With large swaths of Aceh’s coast reduced to damaged homes and flooded farmland, the challenge was enormous. More than 150,000 Acehnese survivors spent more than a year in rotting tents, and hundreds of families still live in them.

Clusters of new homes were abandoned by their owners because of leaky roofs or termites in the untreated wood. Hundreds more were built without water, electricity or sewer hookups. The aid groups later acknowledged that they assumed the government would provide utilities, not realizing that the disaster had decimated many government agencies.

“I won’t even use this wood for a chicken coop,” said Hamdan Yunus, 57, an Indonesian fisherman from the village of Kampung Jawa who tore down the home donated by British-based Muslim Aid after the wood began crumbling.

In the Indian state of Tamil Nadu, temporary homes built by Western-based charities were of “poor quality” and “uninhabitable” during the daytime because of the heat, according to a July 2005 evaluation of relief efforts.

Corruption also played a big part in the reconstruction failures.

British-based Oxfam shut down operations in the city of Aceh Besar for a month and an investigation led to charges of misconduct against 10 Indonesian staff members over the loss of $22,000.

Save the Children says it has to rebuild hundreds of termite-stricken houses in Aceh after discovering contractors pocketed funds earmarked for construction. It has fired three housing inspectors, bolstered oversight at its $156.6 million Aceh program and is buying timber from Canada.

An Indonesian government audit found as much as $5 million went missing in the first weeks.

“The corruption has spread everywhere. It goes all the way down to the village level,” said Akhiruddin Mahjuddin, who leads Gerakan Anti-Korupsi, an Aceh group. “I’m really disappointed.”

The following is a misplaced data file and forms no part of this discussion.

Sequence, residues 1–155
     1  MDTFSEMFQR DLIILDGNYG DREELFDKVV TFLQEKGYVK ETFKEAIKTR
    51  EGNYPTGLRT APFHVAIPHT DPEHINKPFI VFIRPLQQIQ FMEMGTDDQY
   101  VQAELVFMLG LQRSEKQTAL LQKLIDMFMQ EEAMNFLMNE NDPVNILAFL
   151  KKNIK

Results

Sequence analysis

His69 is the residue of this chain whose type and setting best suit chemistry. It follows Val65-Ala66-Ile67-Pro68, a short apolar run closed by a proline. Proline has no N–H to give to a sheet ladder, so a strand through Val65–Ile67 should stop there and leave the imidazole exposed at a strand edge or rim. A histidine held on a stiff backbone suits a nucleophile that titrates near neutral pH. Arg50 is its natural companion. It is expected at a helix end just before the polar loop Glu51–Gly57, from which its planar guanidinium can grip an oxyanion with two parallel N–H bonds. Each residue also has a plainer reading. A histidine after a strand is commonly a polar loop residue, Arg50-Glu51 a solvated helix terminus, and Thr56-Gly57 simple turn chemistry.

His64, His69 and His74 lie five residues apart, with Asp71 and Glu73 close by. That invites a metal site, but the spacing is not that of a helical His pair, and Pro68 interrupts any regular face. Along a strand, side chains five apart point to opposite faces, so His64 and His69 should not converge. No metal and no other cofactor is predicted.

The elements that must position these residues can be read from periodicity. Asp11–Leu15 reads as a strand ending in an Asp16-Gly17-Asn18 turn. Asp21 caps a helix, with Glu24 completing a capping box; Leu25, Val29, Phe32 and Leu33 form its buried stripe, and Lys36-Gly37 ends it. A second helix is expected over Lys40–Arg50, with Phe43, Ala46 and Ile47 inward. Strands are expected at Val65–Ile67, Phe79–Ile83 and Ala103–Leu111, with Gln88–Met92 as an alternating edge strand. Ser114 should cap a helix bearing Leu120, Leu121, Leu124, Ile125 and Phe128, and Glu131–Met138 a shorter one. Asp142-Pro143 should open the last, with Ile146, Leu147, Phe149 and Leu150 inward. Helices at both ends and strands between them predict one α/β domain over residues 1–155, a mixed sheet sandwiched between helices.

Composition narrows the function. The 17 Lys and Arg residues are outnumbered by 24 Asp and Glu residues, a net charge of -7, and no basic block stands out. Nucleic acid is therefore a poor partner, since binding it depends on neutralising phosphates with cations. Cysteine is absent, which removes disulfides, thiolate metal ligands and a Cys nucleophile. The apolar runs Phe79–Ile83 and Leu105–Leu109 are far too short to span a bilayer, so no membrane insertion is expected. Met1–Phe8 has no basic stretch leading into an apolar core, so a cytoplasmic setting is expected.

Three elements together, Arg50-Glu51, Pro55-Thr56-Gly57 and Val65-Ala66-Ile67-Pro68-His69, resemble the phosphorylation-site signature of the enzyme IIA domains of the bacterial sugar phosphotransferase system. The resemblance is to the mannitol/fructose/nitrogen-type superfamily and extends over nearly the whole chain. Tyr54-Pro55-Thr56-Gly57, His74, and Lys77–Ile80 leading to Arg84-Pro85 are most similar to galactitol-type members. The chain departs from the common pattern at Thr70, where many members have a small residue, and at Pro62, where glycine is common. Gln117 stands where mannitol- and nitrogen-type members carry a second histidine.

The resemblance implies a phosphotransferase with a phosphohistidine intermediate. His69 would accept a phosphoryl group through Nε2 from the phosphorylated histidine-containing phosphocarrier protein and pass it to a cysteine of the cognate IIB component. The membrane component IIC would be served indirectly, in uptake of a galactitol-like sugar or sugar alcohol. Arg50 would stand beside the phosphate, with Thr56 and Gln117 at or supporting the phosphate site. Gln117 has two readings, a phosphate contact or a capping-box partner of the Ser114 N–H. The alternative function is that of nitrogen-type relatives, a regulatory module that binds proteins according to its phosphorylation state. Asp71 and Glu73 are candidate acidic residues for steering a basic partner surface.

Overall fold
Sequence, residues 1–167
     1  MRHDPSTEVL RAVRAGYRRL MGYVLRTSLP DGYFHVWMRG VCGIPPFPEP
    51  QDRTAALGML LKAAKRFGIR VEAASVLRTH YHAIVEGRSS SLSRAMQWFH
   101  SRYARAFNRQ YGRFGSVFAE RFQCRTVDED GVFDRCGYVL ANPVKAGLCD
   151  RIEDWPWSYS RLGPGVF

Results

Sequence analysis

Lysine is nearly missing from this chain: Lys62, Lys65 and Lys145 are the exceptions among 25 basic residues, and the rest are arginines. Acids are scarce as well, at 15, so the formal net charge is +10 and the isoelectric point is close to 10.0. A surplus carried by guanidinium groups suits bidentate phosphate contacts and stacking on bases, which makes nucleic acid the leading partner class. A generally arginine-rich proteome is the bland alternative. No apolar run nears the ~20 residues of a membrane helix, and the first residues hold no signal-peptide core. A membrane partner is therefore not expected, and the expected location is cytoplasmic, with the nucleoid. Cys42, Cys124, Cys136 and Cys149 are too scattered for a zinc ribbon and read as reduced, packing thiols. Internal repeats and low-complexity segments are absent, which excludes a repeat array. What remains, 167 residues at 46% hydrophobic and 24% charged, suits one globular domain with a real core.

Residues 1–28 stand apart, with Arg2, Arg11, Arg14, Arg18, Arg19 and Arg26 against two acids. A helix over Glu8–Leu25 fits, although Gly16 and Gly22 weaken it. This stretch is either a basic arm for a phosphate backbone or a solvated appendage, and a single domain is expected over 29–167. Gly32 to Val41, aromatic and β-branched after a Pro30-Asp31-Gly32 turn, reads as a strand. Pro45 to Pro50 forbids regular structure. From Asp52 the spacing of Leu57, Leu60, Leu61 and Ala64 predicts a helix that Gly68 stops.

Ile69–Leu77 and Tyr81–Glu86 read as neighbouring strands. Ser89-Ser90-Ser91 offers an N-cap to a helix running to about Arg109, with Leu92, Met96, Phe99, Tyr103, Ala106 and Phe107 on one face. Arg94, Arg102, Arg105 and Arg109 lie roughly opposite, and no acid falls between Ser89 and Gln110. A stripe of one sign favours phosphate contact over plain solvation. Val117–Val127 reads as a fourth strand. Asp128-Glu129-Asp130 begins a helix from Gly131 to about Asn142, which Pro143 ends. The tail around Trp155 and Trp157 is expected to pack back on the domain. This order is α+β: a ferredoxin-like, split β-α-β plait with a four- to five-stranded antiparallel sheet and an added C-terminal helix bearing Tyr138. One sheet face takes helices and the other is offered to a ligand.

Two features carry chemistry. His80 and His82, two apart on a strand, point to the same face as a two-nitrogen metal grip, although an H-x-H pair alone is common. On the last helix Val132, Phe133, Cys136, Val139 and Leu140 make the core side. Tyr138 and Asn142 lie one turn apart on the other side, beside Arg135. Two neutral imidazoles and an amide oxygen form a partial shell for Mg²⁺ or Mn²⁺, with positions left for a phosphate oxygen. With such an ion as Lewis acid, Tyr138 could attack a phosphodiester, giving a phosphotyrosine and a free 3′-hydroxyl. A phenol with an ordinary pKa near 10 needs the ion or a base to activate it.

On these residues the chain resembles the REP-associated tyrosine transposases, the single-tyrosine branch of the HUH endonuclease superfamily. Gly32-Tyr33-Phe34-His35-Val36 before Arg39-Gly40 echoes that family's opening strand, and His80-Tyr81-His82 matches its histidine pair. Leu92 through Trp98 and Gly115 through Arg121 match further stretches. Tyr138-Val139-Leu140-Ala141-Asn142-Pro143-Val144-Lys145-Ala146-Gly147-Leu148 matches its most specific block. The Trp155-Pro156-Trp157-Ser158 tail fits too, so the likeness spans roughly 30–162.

The Asian Development Bank is spending $4 million on anti-corruption measures in Aceh, and the Aceh provincial government is working to improve its accounting systems while putting up billboards warning the public about bribery.

Under pressure to spend donated proceeds, agencies increased their pace toward the end of last year. In what the United Nations called “unmistakable progress,” agencies have been credited with building 57,000 houses across the 11 countries that felt the impact of the tsunami. Another 81,000 are under construction. Hundreds of schools and clinics have also been built.

Many relief groups are looking for ways to respond more quickly to disasters by creating emergency response teams, opening regional supply warehouses or partnering with the private sector to ensure a steady supply of professionals.

Former president Bill Clinton, the U.N. special envoy for tsunami recovery, has said the goal should be to “build back better.” His deputy, Eric Schwartz, said he was confident that nongovernmental organizations were open to oversight, provided their independence was respected.

The pressure for a process to accredit NGOs “is substantial,” he said. “I think they understand this.”

© 2006 The Washington Post Company